The National Security Agency’s insistence on having technology companies include so-called “backdoors” in their products it could use to spy on assorted bad guys may have backfired – allowing the bad guys to steal U.S. government data.

According to a Reuters report:

In at least one instance, a foreign adversary was able to take advantage of a back door invented by U.S. intelligence, according to Juniper Networks Inc, which said in 2015 its equipment had been compromised. In a previously unreported statement to members of Congress in July seen by Reuters, Juniper said an unnamed national government had converted the mechanism first created by the NSA. The NSA told Wyden staffers in 2018 that there was a “lessons learned” report about the Juniper incident and others, according to Wyden spokesman Keith Chu.

“NSA now asserts that it cannot locate this document,” Chu told Reuters.

NSA and Juniper declined to comment on the matter.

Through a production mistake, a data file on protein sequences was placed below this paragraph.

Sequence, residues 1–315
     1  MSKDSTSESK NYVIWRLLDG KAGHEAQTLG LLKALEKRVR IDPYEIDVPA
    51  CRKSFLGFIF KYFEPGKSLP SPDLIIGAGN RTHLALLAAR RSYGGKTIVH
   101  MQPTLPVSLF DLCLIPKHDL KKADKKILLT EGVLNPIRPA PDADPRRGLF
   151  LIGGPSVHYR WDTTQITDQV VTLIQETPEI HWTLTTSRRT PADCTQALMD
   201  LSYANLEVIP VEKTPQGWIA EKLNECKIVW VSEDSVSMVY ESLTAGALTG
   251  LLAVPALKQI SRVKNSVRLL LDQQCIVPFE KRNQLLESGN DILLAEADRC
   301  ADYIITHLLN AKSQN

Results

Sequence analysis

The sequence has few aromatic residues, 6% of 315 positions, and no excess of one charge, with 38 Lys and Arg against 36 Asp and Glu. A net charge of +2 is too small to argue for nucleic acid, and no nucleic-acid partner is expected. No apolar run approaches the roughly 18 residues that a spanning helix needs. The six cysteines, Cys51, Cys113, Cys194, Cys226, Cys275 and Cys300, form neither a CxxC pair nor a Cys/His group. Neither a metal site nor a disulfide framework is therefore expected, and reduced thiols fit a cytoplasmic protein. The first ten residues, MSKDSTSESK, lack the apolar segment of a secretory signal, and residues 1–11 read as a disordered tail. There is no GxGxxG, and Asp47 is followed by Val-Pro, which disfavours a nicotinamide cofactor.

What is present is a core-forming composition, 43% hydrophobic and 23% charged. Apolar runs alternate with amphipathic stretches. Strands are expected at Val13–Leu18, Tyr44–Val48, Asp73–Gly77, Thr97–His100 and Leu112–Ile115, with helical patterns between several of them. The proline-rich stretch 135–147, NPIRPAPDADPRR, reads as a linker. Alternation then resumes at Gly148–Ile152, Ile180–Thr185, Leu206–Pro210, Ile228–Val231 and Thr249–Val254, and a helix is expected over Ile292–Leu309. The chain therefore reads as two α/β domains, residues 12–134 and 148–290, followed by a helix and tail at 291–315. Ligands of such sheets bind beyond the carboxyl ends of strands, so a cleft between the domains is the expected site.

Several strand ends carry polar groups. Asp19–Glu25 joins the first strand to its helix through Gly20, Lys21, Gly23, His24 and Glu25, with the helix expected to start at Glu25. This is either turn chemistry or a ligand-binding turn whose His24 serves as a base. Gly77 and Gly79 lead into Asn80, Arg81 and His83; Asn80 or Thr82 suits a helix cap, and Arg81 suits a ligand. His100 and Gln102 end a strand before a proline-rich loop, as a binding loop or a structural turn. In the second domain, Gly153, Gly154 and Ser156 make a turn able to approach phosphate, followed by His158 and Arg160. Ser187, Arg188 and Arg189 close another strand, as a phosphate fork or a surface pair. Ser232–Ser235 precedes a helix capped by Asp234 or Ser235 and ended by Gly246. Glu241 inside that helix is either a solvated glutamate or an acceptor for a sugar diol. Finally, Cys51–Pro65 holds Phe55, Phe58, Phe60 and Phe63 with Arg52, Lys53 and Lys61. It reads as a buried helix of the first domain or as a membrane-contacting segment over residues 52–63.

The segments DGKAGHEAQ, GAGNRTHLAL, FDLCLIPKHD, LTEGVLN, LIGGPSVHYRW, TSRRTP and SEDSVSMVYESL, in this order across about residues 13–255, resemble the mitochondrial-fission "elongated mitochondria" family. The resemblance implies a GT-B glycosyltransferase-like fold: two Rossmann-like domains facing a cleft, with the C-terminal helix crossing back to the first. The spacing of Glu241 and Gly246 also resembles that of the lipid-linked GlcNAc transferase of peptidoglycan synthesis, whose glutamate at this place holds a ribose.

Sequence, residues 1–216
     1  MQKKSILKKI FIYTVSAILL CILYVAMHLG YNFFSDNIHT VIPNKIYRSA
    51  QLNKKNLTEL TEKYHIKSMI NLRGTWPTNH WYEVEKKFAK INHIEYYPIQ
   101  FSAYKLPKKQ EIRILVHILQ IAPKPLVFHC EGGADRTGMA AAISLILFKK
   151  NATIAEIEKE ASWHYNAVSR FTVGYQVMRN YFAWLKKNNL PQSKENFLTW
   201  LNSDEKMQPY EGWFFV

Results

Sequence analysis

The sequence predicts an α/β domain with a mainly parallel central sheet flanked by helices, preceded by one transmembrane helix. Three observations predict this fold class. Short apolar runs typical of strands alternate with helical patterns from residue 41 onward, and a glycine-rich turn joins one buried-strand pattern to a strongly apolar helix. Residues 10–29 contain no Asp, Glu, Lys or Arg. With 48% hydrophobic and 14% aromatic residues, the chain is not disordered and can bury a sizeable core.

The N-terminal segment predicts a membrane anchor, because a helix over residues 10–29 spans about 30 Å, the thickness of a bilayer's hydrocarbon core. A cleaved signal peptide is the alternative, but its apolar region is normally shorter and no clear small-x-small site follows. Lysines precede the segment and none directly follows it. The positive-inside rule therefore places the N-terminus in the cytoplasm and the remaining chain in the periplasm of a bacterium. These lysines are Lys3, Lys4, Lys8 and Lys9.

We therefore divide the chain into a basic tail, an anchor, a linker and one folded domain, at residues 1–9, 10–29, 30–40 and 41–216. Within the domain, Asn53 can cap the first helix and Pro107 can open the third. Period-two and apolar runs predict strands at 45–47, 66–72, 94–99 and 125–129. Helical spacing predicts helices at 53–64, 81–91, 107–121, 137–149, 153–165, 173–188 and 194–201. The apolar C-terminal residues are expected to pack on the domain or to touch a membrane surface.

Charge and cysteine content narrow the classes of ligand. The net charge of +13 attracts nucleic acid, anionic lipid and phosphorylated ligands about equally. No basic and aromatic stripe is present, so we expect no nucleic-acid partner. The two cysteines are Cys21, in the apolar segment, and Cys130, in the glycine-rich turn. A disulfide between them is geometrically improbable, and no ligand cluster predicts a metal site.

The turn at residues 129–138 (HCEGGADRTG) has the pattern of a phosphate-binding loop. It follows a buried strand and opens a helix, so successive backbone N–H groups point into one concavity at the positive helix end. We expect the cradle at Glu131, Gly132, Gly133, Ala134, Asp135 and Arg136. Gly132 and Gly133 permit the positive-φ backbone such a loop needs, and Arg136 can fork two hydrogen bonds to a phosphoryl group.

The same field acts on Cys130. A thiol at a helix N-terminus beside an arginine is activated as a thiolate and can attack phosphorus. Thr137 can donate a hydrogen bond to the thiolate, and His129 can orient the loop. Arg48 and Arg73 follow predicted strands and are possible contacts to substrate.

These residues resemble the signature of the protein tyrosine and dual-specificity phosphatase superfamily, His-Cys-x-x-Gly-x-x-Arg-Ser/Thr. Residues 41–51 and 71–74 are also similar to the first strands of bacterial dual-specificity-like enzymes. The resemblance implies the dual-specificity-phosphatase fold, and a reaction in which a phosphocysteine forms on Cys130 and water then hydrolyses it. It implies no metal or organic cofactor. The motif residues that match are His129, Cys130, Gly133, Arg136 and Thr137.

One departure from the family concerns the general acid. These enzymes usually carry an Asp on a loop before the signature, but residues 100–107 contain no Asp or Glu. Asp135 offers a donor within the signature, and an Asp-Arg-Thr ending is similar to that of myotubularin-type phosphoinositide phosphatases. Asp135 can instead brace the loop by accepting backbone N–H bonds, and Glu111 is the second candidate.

Who was behind the hack? It appears to have been China. Even so, Western law enforcement agencies have continued to demand backdoors as means to fight an assortment of crimes:

…the Justice Department is still relentlessly trying to make our encryption worse, and so have other governments, like the United Kingdom, Australia, Canada, New Zealand, India, and Japan. Earlier this month, national law enforcement leaders from all these countries signed a letter demanding that encryption be weakened, claiming that police need access to fight child sexual exploitation.

Privacy and technology experts have been warning all along that these demands would actually make everybody more vulnerable to crime for very little gain and would compromise everybody’s privacy and data security.

Image Credit: By Edi Wibowo [CC BY-SA 3.0 (], from Wikimedia Commons